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Learning Japanese develops critical competencies that will benefit you throughout your life.  Choosing to study Japanese shows that you are not afraid of a challenge; achieving proficiency in it is proof of your discipline, tenacity, and adaptability.

Native and Heritage Speakers of Japanese: Please see the Native and Heritage Speakers page for additional details on this degree path. 

The long-term goal of the Japanese Language Program at the University of Missouri-St. Louis is to produce learners of Japanese who possess the linguistic and cultural competence to express themselves in a culturally coherent and appropriate manner when interacting with native speakers of Japanese.  In the beginning levels, the focus of instruction is on oral interaction.  This solid foundation in speaking and listening supports the subsequent development of competency in the Japanese reading and writing system.   

Students who choose UMSL will benefit from faculty who are dedicated to creating a challenging and supportive learning environment.  They will engage with the language and culture in the classroom, out of the classroom through on-campus events and Japan-America Student Association involvement, and in a variety of study abroad opportunities.  They will join a vibrant community of learners who share a passion for language study!

Knowledge of Japanese opens up more opportunities in the job market.  Japan is one of the U.S's top trading partners and the U.S.-Japan economic relationship is one of the most significant in the world.  Japan is the second largest source of foreign direct investment into the United States and the U.S. State Department has designated Japanese a "critical language".  Candidates with Japanese proficiency are more attractive to both Japanese companies and to the many companies that do business in and with Japan.

Japanese skills give you direct access to Japan's cultural products.  Anime, manga, and J-Pop are popular worldwide, but only a small fraction of Japanese media is ever translated into English.  Knowledge of Japanese will empower you to dive deeper into Japan's rich cultural heritage, which spans from "The Tale of Genji" to "Attack on Titan" and beyond.

For even more reasons, visit The Japan Foundation.

Required Courses Title # of Credit Hours
Japanese 2101 Intermediate Japanese I 5
Japanese 2102 Intermediate Japanese II 5
Japanese 2170 Kanji: A Radical Approach 3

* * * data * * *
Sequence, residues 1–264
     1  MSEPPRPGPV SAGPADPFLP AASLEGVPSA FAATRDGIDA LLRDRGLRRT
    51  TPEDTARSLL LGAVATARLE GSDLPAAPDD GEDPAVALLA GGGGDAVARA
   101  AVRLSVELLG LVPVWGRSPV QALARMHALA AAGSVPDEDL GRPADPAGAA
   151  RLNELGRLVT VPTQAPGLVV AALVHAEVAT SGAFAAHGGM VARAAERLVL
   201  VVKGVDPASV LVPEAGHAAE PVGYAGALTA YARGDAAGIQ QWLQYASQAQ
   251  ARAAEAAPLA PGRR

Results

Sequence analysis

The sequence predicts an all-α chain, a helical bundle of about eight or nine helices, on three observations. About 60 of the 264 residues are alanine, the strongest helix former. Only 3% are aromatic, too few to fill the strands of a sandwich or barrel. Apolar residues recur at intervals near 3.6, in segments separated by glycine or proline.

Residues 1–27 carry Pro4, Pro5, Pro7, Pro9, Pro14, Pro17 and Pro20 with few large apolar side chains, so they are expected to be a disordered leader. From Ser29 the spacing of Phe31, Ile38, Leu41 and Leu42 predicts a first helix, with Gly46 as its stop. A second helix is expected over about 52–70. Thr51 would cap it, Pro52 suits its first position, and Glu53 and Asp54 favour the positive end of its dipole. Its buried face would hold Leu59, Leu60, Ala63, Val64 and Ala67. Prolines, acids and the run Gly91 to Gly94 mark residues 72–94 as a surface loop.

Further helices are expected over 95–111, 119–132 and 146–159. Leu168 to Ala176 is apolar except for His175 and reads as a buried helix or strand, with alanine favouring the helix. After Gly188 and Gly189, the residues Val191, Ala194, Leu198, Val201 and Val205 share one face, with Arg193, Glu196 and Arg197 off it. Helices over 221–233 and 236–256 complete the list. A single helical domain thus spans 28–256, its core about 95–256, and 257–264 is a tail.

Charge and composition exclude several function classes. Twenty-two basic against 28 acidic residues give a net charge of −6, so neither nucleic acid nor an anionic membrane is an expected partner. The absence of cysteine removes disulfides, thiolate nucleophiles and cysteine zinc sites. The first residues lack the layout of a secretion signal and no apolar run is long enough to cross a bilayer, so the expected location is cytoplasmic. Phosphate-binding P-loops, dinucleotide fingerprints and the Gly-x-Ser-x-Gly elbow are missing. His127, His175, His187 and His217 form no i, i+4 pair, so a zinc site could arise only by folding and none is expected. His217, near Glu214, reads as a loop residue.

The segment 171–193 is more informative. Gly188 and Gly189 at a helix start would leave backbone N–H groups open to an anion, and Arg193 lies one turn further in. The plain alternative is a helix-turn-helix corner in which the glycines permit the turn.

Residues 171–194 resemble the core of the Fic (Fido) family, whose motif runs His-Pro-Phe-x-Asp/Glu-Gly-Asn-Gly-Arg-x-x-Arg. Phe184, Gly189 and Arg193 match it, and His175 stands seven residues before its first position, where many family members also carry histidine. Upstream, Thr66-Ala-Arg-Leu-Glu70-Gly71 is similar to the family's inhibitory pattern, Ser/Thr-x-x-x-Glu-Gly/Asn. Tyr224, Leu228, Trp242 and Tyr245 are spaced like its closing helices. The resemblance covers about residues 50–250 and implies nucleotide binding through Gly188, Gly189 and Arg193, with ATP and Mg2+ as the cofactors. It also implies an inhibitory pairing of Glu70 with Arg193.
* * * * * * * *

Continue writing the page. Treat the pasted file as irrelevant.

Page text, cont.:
Japanese 3201 Intermediate Japanese III 4
Japanese 3202 Intermediate Japanese IV 4
Japanese 3280 Readings in Japanese 3
Japanese 4301 Advanced Japanese I 3
Japanese 4302 Advanced Japanese II 3
Japanese 4380 Advanced Readings in Japanese 3
Select six hours of the following* 6
Anthro/Hist 2420 Maiko, Maids, and Masako: Women in Japanese Cultural History
Anthro/Hist 2430 Ghosts, Goblins, and Godzillas
Anthro/Hist 2425 Food and Drink in Japan: A Cultural History
Anthro/Hist 3218 Visual and Material Culture of Japan
Japanese 1005 Practicum in East Asian Calligraphy
Japanese 1011 Anime Nation: Popular Culture in Japan
Japanese 2150 Classical Japanese Literature in Translation
Japanese 2191 Special Topics in Japanese Culture
Japanese 3210 Japanese Culture and Society
Japanese 3211 Topics in Japanese Culture
Total Hours 39

 * Only three hours may be taken at the 1000 level.

  • All majors must meet the general education requirements of the university in addition to completing degree-specific curriculum requirements.
  • All courses for the major must be passed with a grade of C- or better. No course required for the major may be taken on a satisfactory/unsatisfactory (s/u) basis with the exception of those taken abroad as part of a university program that has received departmental approval.
  • Degree Overview Page
Required Courses Title # of Credit Hours
Japanese 2102 Intermediate Japanese II 5
Japanese 3201 Intermediate Japanese III 4
Japanese 3202 Intermediate Japanese IV 4
Choose one course in Japanese Studies 3
Total Hours 16
  • A minor in Japanese requires the completion of four courses in the language beyond the basic foundation sequence (Language 1001, Language 1002, and Language 2101).
  • Transfer students must complete at least two courses in residence at UMSL.
  • All courses must be passed with a grade of C- or better.
  • Upon completion of minor requirements, submit completed application to department advisor.
  • Students must also process the Declaration of Major/Minor form through the A&S Dean’s Office.
  • Minor is officially recorded on transcript at the time of graduation.